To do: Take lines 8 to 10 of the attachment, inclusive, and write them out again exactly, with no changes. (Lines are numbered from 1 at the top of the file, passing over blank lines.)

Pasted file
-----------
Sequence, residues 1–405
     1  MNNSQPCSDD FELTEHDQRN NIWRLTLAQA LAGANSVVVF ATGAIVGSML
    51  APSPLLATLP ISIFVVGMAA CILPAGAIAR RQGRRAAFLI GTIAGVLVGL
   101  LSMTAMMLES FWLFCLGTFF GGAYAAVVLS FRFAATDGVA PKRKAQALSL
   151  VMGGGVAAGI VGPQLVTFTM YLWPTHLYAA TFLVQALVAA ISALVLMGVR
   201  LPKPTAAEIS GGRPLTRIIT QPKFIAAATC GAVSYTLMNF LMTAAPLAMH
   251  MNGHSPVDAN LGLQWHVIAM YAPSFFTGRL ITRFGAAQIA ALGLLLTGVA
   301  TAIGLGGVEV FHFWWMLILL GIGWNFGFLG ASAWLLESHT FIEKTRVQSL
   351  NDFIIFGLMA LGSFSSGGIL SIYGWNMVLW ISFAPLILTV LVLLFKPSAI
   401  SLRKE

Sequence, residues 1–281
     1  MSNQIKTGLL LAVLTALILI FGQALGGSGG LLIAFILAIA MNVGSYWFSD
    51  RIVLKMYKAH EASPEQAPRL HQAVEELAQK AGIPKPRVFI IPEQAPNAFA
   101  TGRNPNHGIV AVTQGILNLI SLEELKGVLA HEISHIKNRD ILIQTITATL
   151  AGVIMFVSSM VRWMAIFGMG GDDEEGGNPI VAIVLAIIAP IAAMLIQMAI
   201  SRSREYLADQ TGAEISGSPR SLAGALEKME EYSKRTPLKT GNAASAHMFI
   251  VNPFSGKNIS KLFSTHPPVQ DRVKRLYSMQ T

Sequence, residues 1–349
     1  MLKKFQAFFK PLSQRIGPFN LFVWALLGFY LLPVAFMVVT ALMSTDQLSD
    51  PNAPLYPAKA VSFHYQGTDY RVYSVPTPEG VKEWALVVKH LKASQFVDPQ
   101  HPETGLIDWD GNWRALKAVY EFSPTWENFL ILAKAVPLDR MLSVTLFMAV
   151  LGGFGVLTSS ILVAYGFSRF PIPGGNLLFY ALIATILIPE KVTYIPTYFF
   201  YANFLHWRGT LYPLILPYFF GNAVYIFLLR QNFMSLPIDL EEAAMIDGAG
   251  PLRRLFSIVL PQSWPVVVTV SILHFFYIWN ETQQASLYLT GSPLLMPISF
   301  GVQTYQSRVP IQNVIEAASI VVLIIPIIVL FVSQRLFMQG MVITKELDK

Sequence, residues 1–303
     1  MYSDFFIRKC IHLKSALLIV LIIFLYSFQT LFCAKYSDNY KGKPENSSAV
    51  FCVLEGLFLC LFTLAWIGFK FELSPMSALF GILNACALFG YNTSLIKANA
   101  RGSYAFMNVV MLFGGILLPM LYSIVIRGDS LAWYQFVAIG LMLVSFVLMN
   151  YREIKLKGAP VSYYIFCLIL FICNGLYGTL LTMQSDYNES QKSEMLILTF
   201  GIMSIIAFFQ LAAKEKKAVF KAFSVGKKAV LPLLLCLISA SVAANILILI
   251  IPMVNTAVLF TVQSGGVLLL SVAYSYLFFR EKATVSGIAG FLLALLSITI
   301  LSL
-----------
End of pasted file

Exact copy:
   301  TAIGLGGVEV FHFWWMLILL GIGWNFGFLG ASAWLLESHT FIEKTRVQSL
   351  NDFIIFGLMA LGSFSSGGIL SIYGWNMVLW ISFAPLILTV LVLLFKPSAI
   401  SLRKE